Dhananjaya de Silva 84* extends Sri Lanka’s lead to 444 by lunch on day four

Lunch Sri Lanka 378 and 297 for 7 (Dhananjaya 84*, R Mendis 8*, Naseem 2-36, Nawaz 2-52) lead Pakistan 231 by 444 runs

Dhananjaya de Silva pressed Sri Lanka’s lead into truly enormous territory, getting to 84 in 143 balls by lunch, as the team moved 444 runs ahead. The centrepiece of Sri Lanka’s innings was the 126-run sixth-wicket stand between de Silva and Dimuth Karunaratne, who battled through a back sprain to 61.
Karunaratne was one of two batters to fall in the session, the other being debutant Dunith Wellalage, both of them to fingerspin. Already, Pakistan would have to break Test records to win this match. However, their chasing down of 342 in the first Test will perhaps prompt conservatism from Sri Lanka, who did not appear ready to declare their innings closed yet. In any case, de Silva will likely be given the chance to complete a hundred, with five sessions still to play.

There was a little luck for de Silva in the second over of the day, when the inside edge off his attempted cut shot against the bowling of Hasan Ali, passed close to his stumps. But although the scoring rate was modest while the quicks (Naseem Shah opened from the other end) were in operation, the runs began to flow more freely when the spinners came on.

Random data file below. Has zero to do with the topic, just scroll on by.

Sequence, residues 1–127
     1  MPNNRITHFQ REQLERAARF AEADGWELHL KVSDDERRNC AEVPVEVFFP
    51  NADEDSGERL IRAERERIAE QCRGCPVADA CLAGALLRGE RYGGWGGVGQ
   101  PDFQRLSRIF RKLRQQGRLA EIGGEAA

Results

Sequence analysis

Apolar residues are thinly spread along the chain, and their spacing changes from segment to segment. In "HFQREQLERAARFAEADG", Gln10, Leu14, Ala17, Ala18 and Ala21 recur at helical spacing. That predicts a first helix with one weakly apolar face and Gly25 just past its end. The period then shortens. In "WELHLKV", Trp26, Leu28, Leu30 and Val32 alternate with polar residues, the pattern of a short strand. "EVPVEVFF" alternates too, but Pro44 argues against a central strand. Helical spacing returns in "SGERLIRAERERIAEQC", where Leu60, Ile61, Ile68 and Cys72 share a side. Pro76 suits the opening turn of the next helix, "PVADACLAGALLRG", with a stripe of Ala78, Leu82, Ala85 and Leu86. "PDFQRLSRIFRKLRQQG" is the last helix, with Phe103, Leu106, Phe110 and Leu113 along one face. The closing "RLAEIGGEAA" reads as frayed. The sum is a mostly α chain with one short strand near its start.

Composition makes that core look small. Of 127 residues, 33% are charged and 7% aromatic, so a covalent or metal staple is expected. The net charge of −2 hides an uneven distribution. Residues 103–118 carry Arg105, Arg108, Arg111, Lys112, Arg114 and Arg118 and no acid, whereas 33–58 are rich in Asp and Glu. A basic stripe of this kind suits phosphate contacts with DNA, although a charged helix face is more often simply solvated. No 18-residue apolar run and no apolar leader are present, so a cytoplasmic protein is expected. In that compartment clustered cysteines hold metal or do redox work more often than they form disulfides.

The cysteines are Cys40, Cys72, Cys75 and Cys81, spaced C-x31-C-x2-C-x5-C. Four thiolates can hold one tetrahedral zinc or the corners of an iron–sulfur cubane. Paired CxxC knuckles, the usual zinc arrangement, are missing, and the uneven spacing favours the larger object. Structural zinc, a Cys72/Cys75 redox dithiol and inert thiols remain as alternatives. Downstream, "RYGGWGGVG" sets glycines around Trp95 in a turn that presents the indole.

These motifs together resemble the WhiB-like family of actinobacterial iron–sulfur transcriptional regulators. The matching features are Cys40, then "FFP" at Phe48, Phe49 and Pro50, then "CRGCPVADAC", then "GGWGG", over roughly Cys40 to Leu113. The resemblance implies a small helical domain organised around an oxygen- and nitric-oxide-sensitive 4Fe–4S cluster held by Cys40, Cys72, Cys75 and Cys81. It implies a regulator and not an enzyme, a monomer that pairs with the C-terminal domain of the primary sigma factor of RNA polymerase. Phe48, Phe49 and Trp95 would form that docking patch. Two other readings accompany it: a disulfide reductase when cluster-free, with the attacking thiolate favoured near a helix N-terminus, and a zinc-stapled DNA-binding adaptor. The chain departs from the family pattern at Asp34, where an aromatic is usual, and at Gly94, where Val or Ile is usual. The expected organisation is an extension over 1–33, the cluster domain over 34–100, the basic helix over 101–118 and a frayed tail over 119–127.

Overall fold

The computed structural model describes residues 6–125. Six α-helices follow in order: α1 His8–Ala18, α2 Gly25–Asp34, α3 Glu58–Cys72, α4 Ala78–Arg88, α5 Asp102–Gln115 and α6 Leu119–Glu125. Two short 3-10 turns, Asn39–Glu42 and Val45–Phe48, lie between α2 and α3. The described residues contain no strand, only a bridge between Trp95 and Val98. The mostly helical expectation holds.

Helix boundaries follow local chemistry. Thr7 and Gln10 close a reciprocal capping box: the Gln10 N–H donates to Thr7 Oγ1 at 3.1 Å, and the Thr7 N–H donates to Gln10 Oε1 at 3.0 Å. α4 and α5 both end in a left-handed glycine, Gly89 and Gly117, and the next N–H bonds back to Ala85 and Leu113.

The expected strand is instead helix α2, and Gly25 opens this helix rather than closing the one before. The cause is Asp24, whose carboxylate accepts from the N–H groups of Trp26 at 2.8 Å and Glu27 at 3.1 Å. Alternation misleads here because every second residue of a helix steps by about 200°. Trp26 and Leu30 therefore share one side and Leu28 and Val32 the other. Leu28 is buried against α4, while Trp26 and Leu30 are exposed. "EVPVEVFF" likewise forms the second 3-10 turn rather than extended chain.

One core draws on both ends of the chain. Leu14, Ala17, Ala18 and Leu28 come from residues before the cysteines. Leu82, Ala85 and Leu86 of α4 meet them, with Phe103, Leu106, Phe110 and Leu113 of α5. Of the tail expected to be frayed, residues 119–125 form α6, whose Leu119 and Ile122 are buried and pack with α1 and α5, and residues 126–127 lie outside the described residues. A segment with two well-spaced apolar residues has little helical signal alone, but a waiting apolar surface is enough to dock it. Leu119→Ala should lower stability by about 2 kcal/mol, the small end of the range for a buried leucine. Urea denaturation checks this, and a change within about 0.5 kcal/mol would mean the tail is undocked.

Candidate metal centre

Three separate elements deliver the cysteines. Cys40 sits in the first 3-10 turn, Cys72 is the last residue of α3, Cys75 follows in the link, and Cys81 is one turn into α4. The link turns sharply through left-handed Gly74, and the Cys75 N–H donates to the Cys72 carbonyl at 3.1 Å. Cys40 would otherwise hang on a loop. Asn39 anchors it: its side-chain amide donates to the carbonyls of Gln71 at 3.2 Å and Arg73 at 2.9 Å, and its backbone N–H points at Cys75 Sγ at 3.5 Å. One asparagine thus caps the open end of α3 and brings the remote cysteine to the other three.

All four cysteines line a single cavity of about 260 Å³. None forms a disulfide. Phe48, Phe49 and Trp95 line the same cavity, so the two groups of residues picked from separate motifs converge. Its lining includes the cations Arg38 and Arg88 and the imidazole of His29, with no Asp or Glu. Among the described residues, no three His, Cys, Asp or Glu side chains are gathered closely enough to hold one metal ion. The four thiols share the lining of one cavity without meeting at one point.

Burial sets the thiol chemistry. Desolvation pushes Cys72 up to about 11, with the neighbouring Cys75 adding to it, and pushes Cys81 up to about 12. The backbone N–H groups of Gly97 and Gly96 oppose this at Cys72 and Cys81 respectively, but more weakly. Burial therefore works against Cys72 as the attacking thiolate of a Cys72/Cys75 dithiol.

This was not before Karunaratne survived a very close lbw shout playing back to Nauman Ali’s first delivery of the day, which turned back sharply from outside off. The umpire’s call on impact saved Karunaratne, who was batting on 42.

De Silva used the sweep to excellent effect, once slogging Yasir Shah over midwicket for four, while Karunaratne used the reverse sweep to access empty space behind point. Largely, though, the batters preferred to use their feet to find the single options. Karunaratne brought up his half century off the 97th ball he faced; de Silva off his 102nd, two overs later.

Karunaratne was out to Nauman not long after that, though. Having just come down the pitch and lifted him over midwicket for four, he attempted to turn a length delivery square, and ended up only middling the ball to Abdullah Shafique at short square leg, who took an excellent reflex catch low to his left.

Dunith Wellalage did not appear particularly comfortable during his 34-ball stay, and was eventually out edging behind, attempting a reverse sweep of Mohammad Nawaz. He had not got to near the pitch of that delivery. De Silva continued alongside Ramesh Mendis, the last decent battin in Sri Lanka’s lineup.

With the pitch not yet spitting, Pakistan’s bowlers did not build up big periods of pressure in the session. The quicks perhaps, were underused after they had both delivered good early spells. Of the spinners, Nawaz was the tightest again, and the bowler who most frequently beat the bat.

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